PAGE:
In this podcast I’d like to say a little bit about the idea of the koan.  We know the word koan from particularly Zen Buddhist practice in Japan, China and Korea.

The origin of the idea: back in olden times in China: a trainee might be given the task of studying the life of an ancient master. Each of the great masters of Buddhism - the people in the lineages of transmission - each one has had their particular spiritual problem or spiritual barrier that they had to overcome or break through. It is not the case in Buddhism, that a person becomes a more and more good person, a more and more wise person in a steady linear progression. This is not what happens. A person has a besetting problem and they eventually break through it in one way or other, not in the way that they quite expect. Generally speaking, we can say that the problem defeats them and this defeat actually becomes an opening door. It becomes a door that opens to humility, to an acceptance of faith, to an overcoming of the egotistical idea that one can do and achieve by one’s own power. So, the koan is the breaking of self-power.

But it happens in very different ways for different people, and a trainee might be given the task or studying the life of some former master, so that he or she comes to understand how it was that that master arrived at this breakthrough. Because that study might well help that trainee or that disciple with their own spiritual problem or spiritual obstacle.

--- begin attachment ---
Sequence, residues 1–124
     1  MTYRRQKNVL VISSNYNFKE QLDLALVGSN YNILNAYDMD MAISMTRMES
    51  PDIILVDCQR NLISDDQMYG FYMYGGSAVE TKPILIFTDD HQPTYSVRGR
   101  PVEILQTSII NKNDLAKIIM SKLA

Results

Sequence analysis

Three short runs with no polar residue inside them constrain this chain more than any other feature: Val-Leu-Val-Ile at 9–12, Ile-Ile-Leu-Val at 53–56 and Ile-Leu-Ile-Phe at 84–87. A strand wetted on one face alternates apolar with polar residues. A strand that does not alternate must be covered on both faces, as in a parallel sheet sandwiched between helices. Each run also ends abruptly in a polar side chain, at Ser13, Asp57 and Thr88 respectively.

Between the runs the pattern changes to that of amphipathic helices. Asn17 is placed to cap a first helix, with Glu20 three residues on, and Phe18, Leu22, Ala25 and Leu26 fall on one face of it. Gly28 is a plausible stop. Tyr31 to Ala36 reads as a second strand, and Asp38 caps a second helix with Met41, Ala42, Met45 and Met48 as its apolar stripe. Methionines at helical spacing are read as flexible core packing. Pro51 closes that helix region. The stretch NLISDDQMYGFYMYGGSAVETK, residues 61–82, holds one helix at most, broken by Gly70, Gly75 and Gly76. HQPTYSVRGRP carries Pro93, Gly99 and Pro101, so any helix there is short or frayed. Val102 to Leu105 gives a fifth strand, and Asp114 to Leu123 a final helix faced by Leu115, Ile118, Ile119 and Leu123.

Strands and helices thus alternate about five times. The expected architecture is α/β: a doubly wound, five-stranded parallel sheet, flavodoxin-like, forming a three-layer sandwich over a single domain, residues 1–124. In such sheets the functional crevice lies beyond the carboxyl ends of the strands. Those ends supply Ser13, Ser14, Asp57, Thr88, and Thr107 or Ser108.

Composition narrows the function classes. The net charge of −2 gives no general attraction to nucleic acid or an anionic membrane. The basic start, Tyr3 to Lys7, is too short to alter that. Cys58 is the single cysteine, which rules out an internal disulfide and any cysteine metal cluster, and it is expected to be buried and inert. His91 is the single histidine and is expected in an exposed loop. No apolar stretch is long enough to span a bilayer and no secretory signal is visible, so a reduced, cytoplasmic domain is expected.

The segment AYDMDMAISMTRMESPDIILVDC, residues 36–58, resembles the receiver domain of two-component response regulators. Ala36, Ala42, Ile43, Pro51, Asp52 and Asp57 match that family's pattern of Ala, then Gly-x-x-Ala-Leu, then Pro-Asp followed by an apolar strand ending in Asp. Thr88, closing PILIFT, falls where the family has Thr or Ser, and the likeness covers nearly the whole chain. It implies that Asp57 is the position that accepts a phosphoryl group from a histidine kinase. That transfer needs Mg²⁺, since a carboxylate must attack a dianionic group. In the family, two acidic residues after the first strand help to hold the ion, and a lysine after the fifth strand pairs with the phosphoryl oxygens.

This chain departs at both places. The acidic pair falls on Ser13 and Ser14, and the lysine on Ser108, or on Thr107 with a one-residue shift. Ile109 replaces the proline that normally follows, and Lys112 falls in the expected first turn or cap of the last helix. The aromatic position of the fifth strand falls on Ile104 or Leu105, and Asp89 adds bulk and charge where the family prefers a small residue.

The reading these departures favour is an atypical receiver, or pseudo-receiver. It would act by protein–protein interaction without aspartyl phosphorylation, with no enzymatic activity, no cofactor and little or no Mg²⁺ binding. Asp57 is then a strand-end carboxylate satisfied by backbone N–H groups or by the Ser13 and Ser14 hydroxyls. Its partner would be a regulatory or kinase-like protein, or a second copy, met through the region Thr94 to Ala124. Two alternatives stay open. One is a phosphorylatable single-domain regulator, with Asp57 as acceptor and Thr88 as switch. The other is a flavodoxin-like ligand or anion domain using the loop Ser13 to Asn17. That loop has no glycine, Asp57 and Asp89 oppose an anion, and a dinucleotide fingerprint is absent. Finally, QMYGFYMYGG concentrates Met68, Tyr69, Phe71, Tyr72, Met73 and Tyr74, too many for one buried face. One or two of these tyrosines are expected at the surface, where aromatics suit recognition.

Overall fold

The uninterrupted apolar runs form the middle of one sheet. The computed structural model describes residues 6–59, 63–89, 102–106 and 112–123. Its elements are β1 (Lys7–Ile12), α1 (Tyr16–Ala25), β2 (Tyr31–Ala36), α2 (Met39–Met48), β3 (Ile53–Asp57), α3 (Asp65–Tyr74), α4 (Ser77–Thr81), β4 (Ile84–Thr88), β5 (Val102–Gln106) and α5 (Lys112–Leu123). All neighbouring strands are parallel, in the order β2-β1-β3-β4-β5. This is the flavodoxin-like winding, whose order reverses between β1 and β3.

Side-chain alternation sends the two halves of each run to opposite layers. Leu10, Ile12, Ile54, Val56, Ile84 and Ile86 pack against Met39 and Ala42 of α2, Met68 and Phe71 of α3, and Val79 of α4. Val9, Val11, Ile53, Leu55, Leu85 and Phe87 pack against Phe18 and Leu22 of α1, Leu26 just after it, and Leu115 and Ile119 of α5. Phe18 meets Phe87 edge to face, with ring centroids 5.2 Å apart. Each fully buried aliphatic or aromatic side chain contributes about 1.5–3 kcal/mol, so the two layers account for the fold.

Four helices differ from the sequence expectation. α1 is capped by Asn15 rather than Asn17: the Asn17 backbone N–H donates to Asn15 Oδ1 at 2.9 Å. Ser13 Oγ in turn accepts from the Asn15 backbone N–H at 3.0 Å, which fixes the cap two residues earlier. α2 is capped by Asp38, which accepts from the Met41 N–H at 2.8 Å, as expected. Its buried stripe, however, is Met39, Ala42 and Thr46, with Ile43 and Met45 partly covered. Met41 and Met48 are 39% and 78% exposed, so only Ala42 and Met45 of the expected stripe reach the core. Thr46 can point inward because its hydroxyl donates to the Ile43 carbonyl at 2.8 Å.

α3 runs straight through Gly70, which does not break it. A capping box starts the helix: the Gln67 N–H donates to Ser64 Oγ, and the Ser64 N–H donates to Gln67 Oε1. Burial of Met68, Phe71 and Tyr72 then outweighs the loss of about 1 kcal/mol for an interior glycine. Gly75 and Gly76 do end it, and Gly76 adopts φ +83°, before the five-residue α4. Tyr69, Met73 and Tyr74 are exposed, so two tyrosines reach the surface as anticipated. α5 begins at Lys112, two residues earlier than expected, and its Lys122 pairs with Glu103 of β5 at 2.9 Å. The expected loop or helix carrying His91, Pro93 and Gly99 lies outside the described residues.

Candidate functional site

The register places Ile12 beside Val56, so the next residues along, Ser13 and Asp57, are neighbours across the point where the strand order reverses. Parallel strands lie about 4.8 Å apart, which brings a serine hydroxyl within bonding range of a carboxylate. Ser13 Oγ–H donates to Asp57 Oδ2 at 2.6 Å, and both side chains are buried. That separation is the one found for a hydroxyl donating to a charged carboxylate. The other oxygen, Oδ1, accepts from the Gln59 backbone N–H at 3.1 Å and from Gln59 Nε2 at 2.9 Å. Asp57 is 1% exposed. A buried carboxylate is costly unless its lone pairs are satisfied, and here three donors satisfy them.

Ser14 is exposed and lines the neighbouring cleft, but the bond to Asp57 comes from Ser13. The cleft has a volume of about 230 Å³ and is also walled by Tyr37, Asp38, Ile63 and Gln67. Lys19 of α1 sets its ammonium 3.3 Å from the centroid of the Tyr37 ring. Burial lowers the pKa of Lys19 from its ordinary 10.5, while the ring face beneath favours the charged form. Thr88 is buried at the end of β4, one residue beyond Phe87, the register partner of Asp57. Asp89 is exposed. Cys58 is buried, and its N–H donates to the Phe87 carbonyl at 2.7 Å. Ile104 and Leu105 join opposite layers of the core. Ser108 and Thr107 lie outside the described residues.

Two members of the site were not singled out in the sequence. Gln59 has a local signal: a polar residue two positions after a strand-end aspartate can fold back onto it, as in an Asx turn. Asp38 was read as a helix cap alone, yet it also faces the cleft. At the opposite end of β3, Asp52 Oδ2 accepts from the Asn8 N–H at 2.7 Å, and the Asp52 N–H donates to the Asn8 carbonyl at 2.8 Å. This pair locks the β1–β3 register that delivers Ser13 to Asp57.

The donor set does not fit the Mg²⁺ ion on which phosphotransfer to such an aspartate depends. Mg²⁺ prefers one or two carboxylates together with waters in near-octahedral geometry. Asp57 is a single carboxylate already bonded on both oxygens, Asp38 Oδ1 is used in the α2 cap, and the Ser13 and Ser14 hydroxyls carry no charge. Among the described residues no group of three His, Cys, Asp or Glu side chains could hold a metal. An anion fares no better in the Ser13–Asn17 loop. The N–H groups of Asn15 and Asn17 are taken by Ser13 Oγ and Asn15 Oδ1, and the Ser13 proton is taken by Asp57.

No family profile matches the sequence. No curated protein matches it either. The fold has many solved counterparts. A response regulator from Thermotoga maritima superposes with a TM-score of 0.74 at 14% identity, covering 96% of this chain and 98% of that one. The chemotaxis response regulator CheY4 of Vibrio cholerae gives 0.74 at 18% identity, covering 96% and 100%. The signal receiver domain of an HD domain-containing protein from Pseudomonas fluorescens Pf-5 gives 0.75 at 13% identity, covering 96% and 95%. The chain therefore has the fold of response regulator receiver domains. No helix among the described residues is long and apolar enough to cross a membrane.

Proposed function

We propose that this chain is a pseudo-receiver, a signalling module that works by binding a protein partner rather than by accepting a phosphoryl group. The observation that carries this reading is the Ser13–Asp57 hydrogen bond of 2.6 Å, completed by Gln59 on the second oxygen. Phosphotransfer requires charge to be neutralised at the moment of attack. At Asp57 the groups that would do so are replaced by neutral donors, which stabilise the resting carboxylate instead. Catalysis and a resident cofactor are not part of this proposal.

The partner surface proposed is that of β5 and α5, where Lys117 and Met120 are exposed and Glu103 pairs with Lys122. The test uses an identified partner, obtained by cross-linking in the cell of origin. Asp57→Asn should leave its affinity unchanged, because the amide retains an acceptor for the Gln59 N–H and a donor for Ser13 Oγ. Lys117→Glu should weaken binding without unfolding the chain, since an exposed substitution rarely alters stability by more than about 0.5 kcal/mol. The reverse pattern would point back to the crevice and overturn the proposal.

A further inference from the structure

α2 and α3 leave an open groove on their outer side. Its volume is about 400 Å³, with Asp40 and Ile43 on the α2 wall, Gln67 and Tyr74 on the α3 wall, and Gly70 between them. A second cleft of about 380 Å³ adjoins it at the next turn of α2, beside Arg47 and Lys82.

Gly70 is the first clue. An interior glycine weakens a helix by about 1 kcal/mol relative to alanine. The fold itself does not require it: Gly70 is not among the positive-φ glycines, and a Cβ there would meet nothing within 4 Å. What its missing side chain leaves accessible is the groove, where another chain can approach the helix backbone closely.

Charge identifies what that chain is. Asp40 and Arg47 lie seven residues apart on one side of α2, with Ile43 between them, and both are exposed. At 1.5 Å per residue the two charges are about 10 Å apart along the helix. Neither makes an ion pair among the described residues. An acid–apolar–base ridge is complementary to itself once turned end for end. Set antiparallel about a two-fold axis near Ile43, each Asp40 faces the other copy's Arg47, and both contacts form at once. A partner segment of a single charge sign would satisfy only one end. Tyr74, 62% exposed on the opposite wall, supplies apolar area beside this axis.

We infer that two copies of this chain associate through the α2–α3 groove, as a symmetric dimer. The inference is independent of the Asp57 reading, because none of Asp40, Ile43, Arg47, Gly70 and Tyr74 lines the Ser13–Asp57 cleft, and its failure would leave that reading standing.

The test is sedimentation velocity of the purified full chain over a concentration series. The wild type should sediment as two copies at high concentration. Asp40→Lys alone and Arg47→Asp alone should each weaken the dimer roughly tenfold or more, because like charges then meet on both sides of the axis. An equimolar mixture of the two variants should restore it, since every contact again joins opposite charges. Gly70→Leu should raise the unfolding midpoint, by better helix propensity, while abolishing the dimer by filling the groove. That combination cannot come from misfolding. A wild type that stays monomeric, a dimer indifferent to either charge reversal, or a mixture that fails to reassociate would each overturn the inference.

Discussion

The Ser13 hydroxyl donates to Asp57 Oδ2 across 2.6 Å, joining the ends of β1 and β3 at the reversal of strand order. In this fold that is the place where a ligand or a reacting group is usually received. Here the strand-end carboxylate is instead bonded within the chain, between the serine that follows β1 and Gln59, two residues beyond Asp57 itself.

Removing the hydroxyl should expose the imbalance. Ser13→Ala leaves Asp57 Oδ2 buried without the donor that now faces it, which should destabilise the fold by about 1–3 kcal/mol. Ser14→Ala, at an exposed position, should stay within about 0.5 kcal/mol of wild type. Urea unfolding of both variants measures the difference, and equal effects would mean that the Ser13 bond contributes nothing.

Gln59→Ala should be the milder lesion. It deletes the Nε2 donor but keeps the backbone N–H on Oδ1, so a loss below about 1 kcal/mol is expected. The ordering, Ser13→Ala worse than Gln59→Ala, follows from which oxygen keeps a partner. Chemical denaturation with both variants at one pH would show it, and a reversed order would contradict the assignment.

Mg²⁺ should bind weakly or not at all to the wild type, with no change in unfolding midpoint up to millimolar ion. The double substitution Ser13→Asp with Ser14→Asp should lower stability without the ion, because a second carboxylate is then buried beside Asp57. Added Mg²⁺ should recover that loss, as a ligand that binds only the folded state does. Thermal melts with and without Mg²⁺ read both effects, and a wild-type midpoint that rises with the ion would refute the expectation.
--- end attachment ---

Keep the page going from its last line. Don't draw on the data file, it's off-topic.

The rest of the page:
Now, when the practice of Buddhism moved to Japan, this method was not quite so easy, because many of the people who were being trained, who were practising, were illiterate, so you couldn’t send them off to the library to study many books about this and that. So, it became the practice, that only the essence of the story, the punchline, if you like - the moment of realization - was presented, not the whole life story of the person in question. So, koans became brief, punchy, very much to the point; and it became the practice in some schools of Buddhism, such as Rinzai Zen, to give people a series of koans to study in this way; and when they broke through one they would move on to another.

Or, in Korea this developed in a different way. In Korea, people are given a single koan, usually for life, the same koan, so these Korean Hua Tou (or Hwadu) koans deal with more, you might say, existential questions.

More generally, we have come to use the term koan to refer simply to the spiritual problem in a person’s life; and it will be different for each person. There is an appreciation here of how the spiritual path is not one-size-fits-all and each person has their koan.

So, there are innumerable koans in one sense, though, in a certain way, all the koans come back to the problem of impermanence and the suffering, the dukkha, that comes with impermanence. By this, we are alive. By this, we are able to love. But by this we have all our problems. And this is the koan. It takes a different form with each person and therefore, the breakthrough of the problem is different for each person. The satori is different for each person.

So, this gives you some idea of the meaning of koan.

Namo Amida Bu
Thank you very much


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